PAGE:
It's becoming like a stuck record, these post-terrorist hysteria reality checks. Unfortunately, most people only pay attention to, and remember, the big scary headlines. How long can this kind of shit go on?
posted by Flashman at 2:48 PM on August 29, 2006


I fail to see how anyone could make HMTD on an airplane without being noticed. I wonder how long it takes to dry also. Prior to drying I do not think it would be explosive. Perhaps I am wrong.
posted by caddis at 2:49 PM on August 29, 2006


From wikipedia and other less reliable sources, making HMTD seems to be an exothermic reaction, so it needs to be cooled as it's made, otherwise you make a mess and lose you face, but probably don't destroy a plane. The same issue was raised with plain old nitrogylcerin. Plus, like nitro, HMTD is extremely unstable. And apparently it takes up to a day to completely precipitate from solution. This page (with pictures of the process, no less) does indicate that it needs to dry before it's dangerous.

I, for one, am not really scared of someone doing this on a plane.

Getting bitten by snakes while I make out with my hot girlfriend in the bathroom, that's another matter.
posted by GuyZero at 3:02 PM on August 29, 2006


Was the plot feasible?. The Register thinks not.

Interesting to work through the NYT article and try and figure out what laws were actually broken. Well, a haul of 400 computers should reveal something.
posted by grahamwell at 3:05 PM on August 29, 2006


Wow. It seems like an extremely bad idea to record a martyrdom video at any time other then as soon as before the act itself as possible, and then just leave them laying around
posted by delmoi at 3:06 PM on August 29, 2006


Mixing TATP on a plan was previously discussed here and here. It doesn't sound remotely plausible. HMTD sounds like it would have roughly the same problems.
posted by Artw at 3:07 PM on August 29, 2006


I read this article on the front page of the NYT yesterday. From the scary headline and the first 3/4 of text, you'd think it was a pro-administration paean to the smarts and dilligence of the various intelligence agencies -- and a warning of just how dangerous these liquid-bombing cats were. But then, somewhere near the bottom of page A23, it reveals that, of yeah, all the objective (i.e., not government-provided) expert opinion points to a bunch of knuckleheads who had no idea what they were doing, had no definite plans (no passports!), and at most, had visited a website where airline schedules were listed. Yes, they'll be sent away forever to a dark hole somewhere, but no, they were never gonna bomb anything, anytime, anywhere.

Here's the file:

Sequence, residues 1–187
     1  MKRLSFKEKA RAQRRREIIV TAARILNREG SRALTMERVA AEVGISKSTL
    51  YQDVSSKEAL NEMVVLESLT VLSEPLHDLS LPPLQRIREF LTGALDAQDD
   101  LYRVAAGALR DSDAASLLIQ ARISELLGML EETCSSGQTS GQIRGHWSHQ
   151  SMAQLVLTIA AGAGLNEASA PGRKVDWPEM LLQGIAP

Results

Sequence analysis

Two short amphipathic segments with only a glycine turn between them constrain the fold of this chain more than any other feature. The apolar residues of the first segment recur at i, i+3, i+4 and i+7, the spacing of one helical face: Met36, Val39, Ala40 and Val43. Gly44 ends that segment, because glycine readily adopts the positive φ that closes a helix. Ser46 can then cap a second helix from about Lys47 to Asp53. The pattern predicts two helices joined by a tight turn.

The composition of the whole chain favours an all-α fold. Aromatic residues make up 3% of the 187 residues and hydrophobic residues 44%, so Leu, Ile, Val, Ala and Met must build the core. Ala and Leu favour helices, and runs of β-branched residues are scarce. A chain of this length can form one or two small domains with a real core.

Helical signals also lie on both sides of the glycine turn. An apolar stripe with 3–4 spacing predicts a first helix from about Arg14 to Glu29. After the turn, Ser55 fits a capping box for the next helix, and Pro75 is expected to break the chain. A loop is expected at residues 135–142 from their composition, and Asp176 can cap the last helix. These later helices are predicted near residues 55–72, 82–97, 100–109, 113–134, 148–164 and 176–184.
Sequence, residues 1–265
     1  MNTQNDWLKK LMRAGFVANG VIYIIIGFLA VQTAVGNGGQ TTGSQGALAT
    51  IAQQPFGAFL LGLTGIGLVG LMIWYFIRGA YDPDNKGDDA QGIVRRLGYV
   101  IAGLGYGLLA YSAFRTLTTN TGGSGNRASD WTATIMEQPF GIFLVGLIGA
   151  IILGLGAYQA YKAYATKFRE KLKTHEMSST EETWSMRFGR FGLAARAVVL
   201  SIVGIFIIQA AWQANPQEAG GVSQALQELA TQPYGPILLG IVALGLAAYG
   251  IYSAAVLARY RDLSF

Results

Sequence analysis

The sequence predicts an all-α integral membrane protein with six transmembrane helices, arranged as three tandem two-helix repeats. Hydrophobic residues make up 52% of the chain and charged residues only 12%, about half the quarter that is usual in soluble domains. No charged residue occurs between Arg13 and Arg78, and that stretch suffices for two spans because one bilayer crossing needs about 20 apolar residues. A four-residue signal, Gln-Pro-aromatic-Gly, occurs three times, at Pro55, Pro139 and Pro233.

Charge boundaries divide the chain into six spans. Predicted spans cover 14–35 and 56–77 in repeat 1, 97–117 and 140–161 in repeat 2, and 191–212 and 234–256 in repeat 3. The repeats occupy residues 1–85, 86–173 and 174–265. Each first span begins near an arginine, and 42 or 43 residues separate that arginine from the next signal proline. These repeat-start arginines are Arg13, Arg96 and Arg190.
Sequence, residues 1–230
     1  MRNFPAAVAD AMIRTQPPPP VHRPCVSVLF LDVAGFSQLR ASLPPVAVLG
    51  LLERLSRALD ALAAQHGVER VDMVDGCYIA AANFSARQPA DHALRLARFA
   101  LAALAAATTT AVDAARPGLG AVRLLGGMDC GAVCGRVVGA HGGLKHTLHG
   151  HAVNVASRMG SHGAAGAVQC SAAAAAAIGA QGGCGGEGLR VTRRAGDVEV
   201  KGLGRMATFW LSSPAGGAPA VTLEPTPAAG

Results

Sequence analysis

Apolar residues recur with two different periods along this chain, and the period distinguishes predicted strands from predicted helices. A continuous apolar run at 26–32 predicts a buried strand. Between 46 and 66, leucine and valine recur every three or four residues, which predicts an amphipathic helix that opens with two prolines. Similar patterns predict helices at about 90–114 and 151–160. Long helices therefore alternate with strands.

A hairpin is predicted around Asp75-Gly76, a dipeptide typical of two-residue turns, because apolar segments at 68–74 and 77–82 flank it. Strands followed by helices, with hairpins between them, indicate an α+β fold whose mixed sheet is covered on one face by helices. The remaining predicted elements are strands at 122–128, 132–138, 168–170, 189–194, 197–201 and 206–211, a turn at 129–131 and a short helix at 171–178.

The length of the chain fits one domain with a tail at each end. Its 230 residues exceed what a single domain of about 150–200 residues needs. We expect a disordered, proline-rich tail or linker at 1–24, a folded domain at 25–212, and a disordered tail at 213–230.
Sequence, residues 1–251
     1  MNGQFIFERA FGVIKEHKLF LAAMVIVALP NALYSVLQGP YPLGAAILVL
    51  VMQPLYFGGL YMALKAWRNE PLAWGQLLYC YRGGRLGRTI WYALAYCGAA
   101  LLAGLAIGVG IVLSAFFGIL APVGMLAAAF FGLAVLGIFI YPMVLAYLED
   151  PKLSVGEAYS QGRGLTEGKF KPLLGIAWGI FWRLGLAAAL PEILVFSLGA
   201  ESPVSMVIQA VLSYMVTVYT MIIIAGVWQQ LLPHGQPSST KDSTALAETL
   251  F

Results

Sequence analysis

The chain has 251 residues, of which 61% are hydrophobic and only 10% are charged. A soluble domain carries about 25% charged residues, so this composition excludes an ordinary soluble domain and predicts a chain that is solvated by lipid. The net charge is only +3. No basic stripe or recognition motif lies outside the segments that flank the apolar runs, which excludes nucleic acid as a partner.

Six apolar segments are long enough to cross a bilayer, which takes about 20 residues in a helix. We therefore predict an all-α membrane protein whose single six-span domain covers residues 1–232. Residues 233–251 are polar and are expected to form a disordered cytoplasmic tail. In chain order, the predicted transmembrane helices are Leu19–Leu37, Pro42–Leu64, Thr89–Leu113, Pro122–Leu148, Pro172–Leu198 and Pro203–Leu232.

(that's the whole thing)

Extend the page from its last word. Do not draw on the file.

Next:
Shades of JonBenet's, ahem, "killer." And not as butt-clenching as say, James Woods calling the FBI because he saw the 9-11 hijackers on their practice run.

I'll say it again: WTF happened to the skeptical press? If the supposedly liberal (or at least free-thinking) NYT is still -- post-WMD -- playing along with the Bushies, what good is it?
posted by turducken at 3:07 PM on August 29, 2006


isn't MetaFilter breaking British law by providing its UK readers with the banned article? just askin'
posted by matteo at 3:23 PM on August 29, 2006


It seems like an extremely bad idea to record a martyrdom video at any time other then as soon as before the act itself as possible, and then just leave them laying around

You could upload it to YouTube, where it would sit unnoticed forever.
posted by smackfu at 3:26 PM on August 29, 2006


reklaw, thanks for posting this on several levels. And to smackfu for making me laugh.
posted by imperium at 3:42 PM on August 29, 2006


Wrong smackfu. If you put your Martyrdom video up on Youtube. some teenage boys would post calling it "gayest" and some other people would argue wether it was a real martyrdom video, or marketing for something.

It would then be posted as a one link FPP.
posted by Megafly at 4:34 PM on August 29, 2006


HMTD sounds like it would have roughly the same problems.

Not quite. mixing 6% H202 and hexamine isn't trivial, but it isn't anything difficult, and citric acid is easy and cheap to get.

The problem is the time factor. You basically mix it up, and wait. In about a day, the HMTD precipitates out, you then wash it and dry it.